The Essential Conversation: What Parents and Teachers Can Learn from Each Other
By Sara Lawrence-Lightfoot
Why You Should Read It: “Parents come to school bearing the haunts of their early experiences.” This insight alone is worth the price of this book, filled with practical insights to help teachers cultivate stronger bonds with their students’ first teachers. There’s no question that the parent-teacher relationship is a vital ingredient to student success. It’s also a complex relationship that can be unpredictable and fraught with difficulty. The gap between student diversity and teacher diversity is fast becoming a chasm and presents its own unique challenges to the parent-teacher partnership. In this book Lawrence-Lightfoot offers a framework for having these essential conversations.
Response From Kelly Gallagher
Kelly Gallagher teaches at Magnolia High School in Anaheim, California, where he is in his 30th year. He is the author of several books on secondary literacy. Kelly’s next book, In the Best Interest of Students, will be released in early 2015 (Stenhouse). Follow Kelly on Twitter @KellyGToGo, and visit him at his website:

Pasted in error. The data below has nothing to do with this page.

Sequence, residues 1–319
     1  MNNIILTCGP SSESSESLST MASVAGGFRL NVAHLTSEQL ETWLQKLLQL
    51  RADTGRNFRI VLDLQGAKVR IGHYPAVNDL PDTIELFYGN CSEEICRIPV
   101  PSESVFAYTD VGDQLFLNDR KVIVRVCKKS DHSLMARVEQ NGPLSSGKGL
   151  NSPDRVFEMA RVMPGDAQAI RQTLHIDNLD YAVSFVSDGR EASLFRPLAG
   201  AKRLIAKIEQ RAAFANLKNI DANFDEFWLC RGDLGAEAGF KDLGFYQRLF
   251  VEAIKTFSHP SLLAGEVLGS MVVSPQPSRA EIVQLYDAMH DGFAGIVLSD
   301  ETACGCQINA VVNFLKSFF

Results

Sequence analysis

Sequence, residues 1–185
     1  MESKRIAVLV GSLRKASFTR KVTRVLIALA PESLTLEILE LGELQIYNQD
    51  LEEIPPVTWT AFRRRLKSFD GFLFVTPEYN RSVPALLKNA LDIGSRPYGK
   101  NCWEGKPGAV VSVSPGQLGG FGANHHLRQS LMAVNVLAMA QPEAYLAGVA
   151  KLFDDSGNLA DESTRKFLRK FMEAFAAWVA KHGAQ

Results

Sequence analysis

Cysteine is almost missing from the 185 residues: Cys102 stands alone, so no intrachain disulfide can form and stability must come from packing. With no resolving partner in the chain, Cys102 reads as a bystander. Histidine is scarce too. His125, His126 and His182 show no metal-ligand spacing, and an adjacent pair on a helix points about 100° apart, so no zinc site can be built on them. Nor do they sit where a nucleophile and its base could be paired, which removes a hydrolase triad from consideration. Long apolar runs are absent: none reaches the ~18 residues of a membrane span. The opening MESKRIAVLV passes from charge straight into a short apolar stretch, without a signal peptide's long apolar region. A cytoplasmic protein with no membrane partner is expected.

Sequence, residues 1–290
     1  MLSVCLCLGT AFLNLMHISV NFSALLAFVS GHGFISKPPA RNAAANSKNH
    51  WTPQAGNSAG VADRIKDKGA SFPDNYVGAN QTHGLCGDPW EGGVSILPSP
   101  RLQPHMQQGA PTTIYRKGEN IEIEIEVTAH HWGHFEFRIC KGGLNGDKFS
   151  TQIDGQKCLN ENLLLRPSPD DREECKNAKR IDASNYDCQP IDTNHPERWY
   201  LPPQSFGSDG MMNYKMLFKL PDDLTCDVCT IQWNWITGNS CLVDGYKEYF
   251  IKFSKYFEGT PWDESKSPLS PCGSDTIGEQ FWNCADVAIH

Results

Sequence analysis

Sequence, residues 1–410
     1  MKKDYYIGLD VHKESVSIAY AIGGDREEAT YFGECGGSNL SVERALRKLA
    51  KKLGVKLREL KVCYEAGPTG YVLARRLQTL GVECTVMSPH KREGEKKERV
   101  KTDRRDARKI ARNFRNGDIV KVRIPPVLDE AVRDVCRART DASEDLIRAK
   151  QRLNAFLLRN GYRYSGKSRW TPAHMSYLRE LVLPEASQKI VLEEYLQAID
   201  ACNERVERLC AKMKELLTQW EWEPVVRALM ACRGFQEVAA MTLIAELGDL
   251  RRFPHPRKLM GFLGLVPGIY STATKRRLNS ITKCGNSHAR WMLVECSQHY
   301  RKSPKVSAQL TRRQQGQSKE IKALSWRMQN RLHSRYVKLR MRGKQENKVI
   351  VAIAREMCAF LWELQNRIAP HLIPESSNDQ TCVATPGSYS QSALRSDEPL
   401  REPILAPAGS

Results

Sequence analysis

Recently, I was asked: “What are five books you recommend that ELA teachers read?” In an attempt to answer this question, I closed the door to my office, began pulling my favorite professional books off the shelves, and two hours later, I came to the conclusion that trying to narrow the list to a mere five books was an exercise in brain-numbing futility. Heck, I can name five books by Donald Graves alone that every teacher should read.